Wednesday, August 27, 2008

Employee wellness programs gone wild

If obesity were like the Olympics, Alabama would hold the bronze.

Following Mississippi and West Virginia, Alabama ranks third highest among the fattest states in the nation, according to an analysis by CalorieLab.

In a state weighed down by Southern fried delicacies, it’s no wonder that the state recently made headlines with a plan to start charging unfit, overweight state workers.


“The state has given its 37,527 employees a year to start getting fit — or they'll pay $25 a month for insurance that otherwise is free.”

Alabama has seen positive results with a similar program encouraging workers to quit smoking, so they’ve remodeled the plan to target unhealthy employees.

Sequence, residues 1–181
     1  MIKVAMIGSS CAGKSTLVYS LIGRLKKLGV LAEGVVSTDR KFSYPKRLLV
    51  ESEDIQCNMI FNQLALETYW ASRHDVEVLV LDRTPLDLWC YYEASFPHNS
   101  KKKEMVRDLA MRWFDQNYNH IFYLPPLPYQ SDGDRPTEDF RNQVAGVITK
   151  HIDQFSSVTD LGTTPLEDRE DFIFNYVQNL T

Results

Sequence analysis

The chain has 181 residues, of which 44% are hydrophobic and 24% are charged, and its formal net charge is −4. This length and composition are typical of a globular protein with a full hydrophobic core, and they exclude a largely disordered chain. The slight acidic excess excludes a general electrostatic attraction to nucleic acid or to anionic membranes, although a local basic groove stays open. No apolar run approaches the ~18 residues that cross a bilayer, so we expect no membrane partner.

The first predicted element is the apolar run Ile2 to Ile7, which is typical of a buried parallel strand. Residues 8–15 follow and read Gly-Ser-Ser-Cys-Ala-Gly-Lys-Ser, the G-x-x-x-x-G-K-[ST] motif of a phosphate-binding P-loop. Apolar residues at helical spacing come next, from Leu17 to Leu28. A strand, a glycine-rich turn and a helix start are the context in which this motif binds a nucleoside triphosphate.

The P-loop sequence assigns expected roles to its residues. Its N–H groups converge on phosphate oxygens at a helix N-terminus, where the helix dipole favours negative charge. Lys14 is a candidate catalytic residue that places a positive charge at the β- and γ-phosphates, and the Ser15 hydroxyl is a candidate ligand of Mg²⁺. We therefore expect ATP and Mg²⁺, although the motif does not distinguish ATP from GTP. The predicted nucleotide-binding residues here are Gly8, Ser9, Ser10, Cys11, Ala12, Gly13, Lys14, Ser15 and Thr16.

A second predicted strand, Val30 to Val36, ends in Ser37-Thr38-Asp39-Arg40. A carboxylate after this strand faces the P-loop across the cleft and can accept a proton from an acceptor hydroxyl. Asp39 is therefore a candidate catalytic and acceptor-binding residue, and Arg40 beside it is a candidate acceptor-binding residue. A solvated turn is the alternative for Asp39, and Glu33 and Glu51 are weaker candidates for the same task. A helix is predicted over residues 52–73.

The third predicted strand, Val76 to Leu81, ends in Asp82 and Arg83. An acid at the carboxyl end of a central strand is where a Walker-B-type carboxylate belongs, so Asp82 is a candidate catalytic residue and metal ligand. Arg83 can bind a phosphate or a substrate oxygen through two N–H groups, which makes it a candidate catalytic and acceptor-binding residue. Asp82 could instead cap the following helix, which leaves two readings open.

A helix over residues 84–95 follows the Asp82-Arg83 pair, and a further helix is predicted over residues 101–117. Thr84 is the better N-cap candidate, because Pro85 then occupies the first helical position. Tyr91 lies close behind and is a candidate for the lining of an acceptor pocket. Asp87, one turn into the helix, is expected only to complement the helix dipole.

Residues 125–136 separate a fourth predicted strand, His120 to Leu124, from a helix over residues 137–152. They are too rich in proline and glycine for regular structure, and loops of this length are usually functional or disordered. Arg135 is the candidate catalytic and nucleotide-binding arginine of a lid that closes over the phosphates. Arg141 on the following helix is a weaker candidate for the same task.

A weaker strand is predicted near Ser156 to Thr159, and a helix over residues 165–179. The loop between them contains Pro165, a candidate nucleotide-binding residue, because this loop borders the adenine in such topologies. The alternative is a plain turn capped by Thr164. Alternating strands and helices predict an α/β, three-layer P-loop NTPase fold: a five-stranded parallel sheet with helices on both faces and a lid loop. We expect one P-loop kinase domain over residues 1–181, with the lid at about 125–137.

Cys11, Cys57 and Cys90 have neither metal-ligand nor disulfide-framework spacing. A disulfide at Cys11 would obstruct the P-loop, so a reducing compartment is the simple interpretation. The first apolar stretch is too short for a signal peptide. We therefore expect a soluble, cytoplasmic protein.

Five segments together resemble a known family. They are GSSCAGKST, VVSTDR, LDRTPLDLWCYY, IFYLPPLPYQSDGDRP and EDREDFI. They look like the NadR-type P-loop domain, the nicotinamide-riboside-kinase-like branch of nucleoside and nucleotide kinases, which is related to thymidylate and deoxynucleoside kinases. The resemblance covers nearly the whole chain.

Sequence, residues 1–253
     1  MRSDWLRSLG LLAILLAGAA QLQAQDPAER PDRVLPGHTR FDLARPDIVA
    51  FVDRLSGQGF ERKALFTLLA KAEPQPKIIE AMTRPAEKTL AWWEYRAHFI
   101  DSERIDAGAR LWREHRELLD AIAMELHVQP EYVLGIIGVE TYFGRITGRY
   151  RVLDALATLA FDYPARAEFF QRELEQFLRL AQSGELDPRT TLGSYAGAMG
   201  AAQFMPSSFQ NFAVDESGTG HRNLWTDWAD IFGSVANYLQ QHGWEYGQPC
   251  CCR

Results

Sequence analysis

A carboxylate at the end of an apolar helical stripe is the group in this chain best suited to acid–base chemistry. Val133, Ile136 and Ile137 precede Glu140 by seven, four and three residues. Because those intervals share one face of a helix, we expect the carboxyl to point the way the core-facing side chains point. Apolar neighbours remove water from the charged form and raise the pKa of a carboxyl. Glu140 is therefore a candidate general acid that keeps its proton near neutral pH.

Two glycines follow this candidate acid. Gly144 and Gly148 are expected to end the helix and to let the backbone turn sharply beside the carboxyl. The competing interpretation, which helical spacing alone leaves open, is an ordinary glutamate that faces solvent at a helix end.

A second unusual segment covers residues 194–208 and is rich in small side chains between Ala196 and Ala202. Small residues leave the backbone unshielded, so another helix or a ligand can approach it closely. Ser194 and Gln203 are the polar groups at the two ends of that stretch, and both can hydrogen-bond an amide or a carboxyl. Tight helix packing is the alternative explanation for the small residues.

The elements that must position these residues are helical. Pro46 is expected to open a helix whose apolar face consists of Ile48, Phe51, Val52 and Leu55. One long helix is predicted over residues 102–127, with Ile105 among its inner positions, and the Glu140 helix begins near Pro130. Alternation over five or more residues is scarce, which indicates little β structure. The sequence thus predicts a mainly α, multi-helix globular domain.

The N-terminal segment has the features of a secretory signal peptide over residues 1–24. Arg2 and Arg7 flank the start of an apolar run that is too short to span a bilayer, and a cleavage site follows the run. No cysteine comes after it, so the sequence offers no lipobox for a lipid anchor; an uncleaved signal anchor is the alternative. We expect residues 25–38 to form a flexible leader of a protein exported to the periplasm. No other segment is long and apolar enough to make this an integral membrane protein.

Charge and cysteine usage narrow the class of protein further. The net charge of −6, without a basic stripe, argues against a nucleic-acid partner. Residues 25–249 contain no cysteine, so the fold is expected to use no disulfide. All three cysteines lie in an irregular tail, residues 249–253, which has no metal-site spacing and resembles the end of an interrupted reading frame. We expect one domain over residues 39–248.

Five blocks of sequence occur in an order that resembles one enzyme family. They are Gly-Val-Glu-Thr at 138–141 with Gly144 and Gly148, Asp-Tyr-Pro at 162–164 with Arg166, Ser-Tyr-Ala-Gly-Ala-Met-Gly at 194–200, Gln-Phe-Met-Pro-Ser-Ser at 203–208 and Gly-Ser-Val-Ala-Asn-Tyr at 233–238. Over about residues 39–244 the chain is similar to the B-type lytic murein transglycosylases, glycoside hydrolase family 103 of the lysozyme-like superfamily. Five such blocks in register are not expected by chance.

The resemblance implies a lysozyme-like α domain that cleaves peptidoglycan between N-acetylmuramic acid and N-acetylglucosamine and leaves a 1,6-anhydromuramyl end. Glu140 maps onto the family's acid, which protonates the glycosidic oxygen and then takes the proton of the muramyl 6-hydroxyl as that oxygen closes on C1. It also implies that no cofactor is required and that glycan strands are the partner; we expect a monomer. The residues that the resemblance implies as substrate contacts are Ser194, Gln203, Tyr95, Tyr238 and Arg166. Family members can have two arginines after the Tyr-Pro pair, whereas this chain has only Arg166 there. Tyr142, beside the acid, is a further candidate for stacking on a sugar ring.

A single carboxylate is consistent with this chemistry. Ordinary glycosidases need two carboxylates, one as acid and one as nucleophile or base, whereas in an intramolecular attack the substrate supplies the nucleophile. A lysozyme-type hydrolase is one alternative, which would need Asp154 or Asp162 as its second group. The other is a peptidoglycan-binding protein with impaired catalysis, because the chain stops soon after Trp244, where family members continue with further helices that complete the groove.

“The State Employees' Insurance Board this week approved a plan to charge state workers starting in January 2010 if they don't have free health screenings.

If the screenings turn up serious problems with blood pressure, cholesterol, glucose or obesity, employees will have a year to see a doctor at no cost, enroll in a wellness program, or take steps on their own to improve their health. If they show progress in a follow-up screening, they won't be charged. But if they don't, they must pay starting in January 2011.”

Alabama will be charging obese state workers, Japan is measuring employee waistlines, there are biggest loser competitions in the office and something called a ‘calorie tax’ ... what’s next on the employee wellness front?

Do you think wellness programs are helping employees or are they an ineffective and wasteful attempt to reduce health care costs?

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